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Preparing Beds for Annuals

Transcript

Jerry Parsons:
First thing you need to do is if you have an established bed is to clean it up and plant it this fall so it will bloom this spring, is remove all the old plants and debris. This hard for some people because every now and then they may have some plants that they want to leave here and few plants they want to leave there. What you end up doing is ruining towhole continuity of the whole bed. It's not as pretty as if you plant a design and remove some of these lone plants. The best thing to do is to remove them and put them in some other bed and then open up your bed and get ready to plant something pretty that you can be proud of.

Now the first thing, especially if you have a bed that you have worked up really good, is to spade it. I like to spade it with a shovel first so you can get it broken real deep. Once you've got that done, you can get the old reliable rotor tiller and mix it in with a little bit of fertilizer or whatever. We will talk about that after my apprentice gets through tilling.

Well Greg with all our hard work at digging and your rotor tilling it looks like we've got this soil real loose, but it looks like if we get down beneath the surface, it looks like the soil turns wet and soggy on us. Maybe that's why some of the plants wouldn't grow any other time. It's got a funny smell to it, a funny odor. So what do you think the problem is?

Greg Grant:
The problem with this is the internal drainage of the soil. At one time they did this bed up right. It's a raised bed, but over time the bed has settled and most of the soils in Texas don't have good internal drainage. So in other words you can go down about a half a foot or so and the soil is real hard clay and the water doesn't drain so it stands there the roots rot on the plant and the plants don't do very well. People wonder why they're not doing good. So we need to go into this bed add some good soil, raise it back up to it's level so the drainage will be good.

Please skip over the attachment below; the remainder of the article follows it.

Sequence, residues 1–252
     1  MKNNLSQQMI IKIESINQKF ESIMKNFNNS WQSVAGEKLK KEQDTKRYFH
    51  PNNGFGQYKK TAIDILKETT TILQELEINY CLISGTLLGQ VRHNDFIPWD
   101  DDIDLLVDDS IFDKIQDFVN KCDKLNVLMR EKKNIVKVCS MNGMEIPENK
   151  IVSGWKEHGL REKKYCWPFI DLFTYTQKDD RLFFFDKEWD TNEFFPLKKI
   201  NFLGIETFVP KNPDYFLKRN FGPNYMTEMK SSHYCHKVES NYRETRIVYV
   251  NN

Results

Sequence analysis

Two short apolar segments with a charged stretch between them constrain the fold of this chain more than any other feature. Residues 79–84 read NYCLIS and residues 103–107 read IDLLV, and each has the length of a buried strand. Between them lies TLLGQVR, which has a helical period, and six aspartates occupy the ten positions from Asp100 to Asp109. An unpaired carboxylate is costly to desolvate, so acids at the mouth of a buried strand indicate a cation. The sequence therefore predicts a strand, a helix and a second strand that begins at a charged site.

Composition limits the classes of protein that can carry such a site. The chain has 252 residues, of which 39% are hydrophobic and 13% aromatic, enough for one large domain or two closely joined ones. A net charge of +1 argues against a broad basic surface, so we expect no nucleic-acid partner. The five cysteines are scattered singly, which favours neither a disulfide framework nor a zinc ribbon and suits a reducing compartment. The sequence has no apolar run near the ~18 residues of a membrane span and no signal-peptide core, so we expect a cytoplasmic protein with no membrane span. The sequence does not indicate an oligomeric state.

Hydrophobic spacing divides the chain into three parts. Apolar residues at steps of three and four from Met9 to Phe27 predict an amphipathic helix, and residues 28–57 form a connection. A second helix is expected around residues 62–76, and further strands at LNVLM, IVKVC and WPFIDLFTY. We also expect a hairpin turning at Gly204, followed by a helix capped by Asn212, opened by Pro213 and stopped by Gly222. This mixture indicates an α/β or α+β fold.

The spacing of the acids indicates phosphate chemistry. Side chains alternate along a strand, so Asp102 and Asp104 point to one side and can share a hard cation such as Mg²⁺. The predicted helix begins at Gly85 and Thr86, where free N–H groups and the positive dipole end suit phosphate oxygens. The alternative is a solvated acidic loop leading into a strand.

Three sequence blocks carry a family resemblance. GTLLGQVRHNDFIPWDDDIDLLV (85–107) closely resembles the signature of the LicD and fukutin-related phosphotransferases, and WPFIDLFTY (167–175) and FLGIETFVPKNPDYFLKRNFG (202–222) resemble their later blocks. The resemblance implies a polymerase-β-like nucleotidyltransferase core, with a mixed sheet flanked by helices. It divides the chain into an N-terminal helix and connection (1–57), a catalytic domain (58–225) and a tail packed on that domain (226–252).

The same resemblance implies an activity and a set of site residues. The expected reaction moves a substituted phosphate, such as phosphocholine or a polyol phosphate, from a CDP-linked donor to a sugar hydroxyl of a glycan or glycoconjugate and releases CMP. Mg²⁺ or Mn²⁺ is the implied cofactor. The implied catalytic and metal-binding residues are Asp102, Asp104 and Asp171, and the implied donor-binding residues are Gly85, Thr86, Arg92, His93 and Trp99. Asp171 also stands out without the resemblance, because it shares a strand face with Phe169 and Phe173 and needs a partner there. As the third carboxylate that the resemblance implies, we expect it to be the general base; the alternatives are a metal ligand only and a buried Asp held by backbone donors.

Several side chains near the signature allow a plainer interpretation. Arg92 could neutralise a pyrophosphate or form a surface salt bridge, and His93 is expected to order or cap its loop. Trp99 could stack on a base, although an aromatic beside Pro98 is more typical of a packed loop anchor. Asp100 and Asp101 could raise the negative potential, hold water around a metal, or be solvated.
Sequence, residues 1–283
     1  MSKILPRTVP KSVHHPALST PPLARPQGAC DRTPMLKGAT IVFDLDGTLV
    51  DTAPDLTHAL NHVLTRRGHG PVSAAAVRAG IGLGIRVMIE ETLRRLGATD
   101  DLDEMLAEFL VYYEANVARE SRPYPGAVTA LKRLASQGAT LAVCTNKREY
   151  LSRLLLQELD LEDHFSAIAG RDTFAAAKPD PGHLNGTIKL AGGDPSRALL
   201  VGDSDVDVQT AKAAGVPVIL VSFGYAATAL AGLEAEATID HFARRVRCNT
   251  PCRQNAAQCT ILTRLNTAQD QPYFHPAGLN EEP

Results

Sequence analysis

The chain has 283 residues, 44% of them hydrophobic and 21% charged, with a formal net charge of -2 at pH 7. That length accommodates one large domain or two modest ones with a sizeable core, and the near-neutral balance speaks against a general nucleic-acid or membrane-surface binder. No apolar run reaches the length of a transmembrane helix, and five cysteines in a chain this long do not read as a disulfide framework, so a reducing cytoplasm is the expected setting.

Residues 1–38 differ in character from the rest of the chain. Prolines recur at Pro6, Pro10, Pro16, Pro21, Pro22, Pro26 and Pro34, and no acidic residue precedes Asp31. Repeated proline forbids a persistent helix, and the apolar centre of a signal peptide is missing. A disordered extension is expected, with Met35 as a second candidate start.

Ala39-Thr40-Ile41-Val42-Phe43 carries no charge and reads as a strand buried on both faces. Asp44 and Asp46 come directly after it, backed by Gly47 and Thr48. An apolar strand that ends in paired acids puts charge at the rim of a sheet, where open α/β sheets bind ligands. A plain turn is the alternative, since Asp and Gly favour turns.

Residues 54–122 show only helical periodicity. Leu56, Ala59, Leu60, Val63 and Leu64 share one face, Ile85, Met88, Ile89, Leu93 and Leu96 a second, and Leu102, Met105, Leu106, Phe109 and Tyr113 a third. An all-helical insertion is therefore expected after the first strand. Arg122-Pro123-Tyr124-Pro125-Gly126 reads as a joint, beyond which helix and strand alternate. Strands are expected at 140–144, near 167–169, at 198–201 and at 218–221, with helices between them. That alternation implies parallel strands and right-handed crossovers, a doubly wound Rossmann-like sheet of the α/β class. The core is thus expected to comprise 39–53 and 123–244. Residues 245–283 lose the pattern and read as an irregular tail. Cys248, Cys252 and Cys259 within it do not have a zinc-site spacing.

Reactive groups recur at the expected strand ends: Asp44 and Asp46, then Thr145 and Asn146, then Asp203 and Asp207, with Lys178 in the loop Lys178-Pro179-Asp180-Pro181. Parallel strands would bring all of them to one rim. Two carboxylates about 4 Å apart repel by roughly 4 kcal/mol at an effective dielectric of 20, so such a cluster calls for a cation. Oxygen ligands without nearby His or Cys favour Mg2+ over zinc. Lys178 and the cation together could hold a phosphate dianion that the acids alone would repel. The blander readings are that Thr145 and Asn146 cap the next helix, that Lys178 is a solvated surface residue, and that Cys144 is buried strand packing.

Jerry Parsons:
So even if we have it in the sun where it should be, and is raised...

Greg Grant:
If it doesn't have good drainage you'll over water and kill your plants. You have to fix the soil to make it right.

Jerry Parsons:
One give away is that I found a worm with a snorkel on it.

Greg Grant:
That's generally a good idea that it isn't draining well. I think it's got a bikini on it too.

Jerry Parsons:
We'll put her, him, or whatever back. Now what should we add, what should we build this up with? Most of the time on a new bed, we haul in a mix and mix it ourselves. What did you say a third, third, third?

Greg Grant:
Exactly, we have a pretty good soil, so we'll skip bringing in the topsoil. We start by going in with bringing in a washed sand and some organic material such as sphagnum peat moss or shredded or crushed pine bark. But we've got to get it back up. I'd go a little heavier with the sand to increase that drainage.

Jerry Parsons:
By heavy usually in a garden mix, we're talking about when your tilling or working the soil 10-12 inches deep, we think about having 4 inches of soil, 4 inches of sand and 4 inches of organic material. Would that be right?

Greg Grant:
I think that would be absolutely correct with this bed.